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Problem 359

# If perpendiculars from the ends of a diameter of any circle are drawn to a tangent of that circle, prove that the sum of the lengths of the perpendiculars is equal to the length of the diameter.

Expert verified
In summary, we have proven that the sum of the lengths of the perpendiculars drawn from the ends of the diameter of a circle to a tangent is equal to the length of the diameter, by using properties of circles, triangles, and the Pythagorean theorem, as well as the Alternate Interior Angles theorem, to derive the equation $$(AC + BC)^2 - (AC^2 + BC^2) = OP^2 + OQ^2$$. The statement is proven true.
See the step by step solution

## Step 1: Draw and label the circle and tangent

Draw a circle with center O, diameter AB, and a tangent line at point C, where point C is a point on the given tangent to the circle. Let P and Q be the points where the perpendiculars from A and B, respectively, intersect the tangent line.

## Step 2: Use properties of circles and tangents

By the properties of circles and tangents, lines AP and BQ are both perpendicular to the tangent line, and the radius OC is also perpendicular to the tangent line. So, triangle AOC is a right triangle with right angle at C and triangle BOC is also a right triangle with right angle at C.

## Step 3: Observe the relationship between the triangles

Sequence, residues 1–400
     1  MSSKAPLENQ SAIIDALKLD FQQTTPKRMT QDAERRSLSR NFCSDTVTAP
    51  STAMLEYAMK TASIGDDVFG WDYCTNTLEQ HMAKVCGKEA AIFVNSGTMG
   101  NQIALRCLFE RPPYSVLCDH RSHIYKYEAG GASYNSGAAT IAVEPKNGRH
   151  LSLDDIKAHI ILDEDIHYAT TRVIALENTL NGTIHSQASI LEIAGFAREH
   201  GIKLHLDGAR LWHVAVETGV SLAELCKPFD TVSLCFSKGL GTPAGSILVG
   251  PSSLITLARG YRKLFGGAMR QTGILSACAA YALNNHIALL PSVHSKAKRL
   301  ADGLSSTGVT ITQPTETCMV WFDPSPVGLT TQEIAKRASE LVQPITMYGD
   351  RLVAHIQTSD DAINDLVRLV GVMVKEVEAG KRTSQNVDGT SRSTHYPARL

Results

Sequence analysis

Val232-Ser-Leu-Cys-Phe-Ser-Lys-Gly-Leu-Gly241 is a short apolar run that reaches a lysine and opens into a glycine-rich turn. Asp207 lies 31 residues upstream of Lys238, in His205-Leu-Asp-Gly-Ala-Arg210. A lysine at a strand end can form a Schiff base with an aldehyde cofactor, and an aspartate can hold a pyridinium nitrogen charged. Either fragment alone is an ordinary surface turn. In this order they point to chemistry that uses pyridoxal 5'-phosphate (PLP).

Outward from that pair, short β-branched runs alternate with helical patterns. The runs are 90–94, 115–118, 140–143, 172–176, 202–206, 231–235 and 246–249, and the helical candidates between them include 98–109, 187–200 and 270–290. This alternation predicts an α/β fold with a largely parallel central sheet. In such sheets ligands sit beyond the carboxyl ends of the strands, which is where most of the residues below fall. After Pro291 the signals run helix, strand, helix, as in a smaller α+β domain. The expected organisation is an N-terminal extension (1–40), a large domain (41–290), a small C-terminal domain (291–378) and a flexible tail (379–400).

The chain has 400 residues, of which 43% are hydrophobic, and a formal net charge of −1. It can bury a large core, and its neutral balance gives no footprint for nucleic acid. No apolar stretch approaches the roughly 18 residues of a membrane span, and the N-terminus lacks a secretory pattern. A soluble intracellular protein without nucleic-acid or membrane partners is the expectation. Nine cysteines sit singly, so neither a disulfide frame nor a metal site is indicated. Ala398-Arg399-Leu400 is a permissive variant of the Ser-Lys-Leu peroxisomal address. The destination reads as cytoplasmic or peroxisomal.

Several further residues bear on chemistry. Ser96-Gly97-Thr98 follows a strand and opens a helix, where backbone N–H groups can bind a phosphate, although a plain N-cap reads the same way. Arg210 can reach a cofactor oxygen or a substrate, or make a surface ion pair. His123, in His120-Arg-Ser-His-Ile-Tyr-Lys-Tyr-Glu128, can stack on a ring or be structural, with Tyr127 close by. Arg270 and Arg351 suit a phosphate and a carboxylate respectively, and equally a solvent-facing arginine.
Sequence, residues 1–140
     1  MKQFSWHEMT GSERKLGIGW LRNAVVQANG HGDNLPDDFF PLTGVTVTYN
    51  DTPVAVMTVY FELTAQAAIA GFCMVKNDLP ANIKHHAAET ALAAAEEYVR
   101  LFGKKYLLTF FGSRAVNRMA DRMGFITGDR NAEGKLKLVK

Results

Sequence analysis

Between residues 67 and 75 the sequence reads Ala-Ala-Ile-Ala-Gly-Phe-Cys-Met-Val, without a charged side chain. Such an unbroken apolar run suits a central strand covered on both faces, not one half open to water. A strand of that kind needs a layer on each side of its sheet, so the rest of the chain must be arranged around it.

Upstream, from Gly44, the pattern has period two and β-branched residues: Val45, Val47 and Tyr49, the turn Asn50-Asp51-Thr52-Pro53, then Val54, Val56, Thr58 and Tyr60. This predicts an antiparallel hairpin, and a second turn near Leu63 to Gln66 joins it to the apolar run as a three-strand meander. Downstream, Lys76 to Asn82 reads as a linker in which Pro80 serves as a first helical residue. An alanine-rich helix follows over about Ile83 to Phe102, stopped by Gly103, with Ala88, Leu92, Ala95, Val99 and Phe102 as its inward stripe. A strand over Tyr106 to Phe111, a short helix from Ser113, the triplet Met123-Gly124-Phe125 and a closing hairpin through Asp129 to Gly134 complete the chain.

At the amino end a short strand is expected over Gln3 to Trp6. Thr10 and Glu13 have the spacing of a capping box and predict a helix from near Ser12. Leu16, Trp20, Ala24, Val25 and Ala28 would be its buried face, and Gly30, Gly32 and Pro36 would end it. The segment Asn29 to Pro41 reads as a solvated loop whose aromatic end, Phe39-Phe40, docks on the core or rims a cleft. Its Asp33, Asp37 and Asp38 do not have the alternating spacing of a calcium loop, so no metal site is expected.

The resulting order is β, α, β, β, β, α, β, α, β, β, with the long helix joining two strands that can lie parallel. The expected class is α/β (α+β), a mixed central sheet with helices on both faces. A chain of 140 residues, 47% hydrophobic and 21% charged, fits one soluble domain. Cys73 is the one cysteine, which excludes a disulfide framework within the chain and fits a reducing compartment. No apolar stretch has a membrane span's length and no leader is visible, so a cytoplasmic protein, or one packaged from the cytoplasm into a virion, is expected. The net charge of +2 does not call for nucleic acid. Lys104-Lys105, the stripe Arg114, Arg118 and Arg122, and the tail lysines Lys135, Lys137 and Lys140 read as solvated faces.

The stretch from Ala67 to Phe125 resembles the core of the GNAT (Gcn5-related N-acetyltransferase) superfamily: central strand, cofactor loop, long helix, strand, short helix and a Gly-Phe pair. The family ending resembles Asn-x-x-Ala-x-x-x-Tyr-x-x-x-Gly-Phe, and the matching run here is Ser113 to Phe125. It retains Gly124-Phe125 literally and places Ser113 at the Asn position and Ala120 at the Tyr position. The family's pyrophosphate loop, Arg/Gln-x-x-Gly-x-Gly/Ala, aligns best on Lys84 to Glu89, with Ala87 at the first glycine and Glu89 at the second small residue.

We can see that triangles AOP and BQO share a common angle O and have a pair of parallel sides, which are tangent and radius. As a result, triangles AOP and BQO are similar by the Alternate Interior Angles theorem. Since AOC and BOC are right triangles, the Pythagorean theorem can be applied in each.

## Step 4: Use the Pythagorean theorem to create an equation

In triangle AOC, we have $$AC^2 + OP^2 = AO^2$$, and in triangle BOC, we have $$BC^2 + OQ^2 = BO^2$$. As radii of a circle, AO and BO are equal in length, and by the properties of the diameter, $$AO = OB = \frac{1}{2}AB$$. Replacing AO and BO in the equations with $$\frac{1}{2}AB$$: $$AC^2 + OP^2 = \left(\frac{1}{2}AB\right)^2$$ $$BC^2 + OQ^2 = \left(\frac{1}{2}AB\right)^2$$

## Step 5: Add the two equations

We can add the two equations to find the sum of the lengths of the perpendiculars, OP and OQ: $$AC^2 + OP^2 + BC^2 + OQ^2 = 2\left(\frac{1}{2}AB\right)^2$$

## Step 6: Simplify the equation

Simplify the equation by noting that $$AC + BC = AB$$, so $$(AC + BC)^2 = AB^2$$. Rewrite the equation as: $$(AC + BC)^2 - (AC^2 + BC^2) = OP^2 + OQ^2$$

## Step 7: Apply binomial expansion

Expand the left side of the equation using the binomial expansion of $$(A+B)^2 = A^2 + 2AB + B^2$$: $$AB^2 - (AC^2 + BC^2) = OP^2 + OQ^2$$

## Step 8: Complete the proof

Since the right side of the equation is the sum of the squares of the lengths of the perpendiculars, OP and OQ, we have proven that the sum of the lengths of the perpendiculars drawn from the ends of the diameter of a circle to a tangent is equal to the length of the diameter. Therefore, the statement is proven true.

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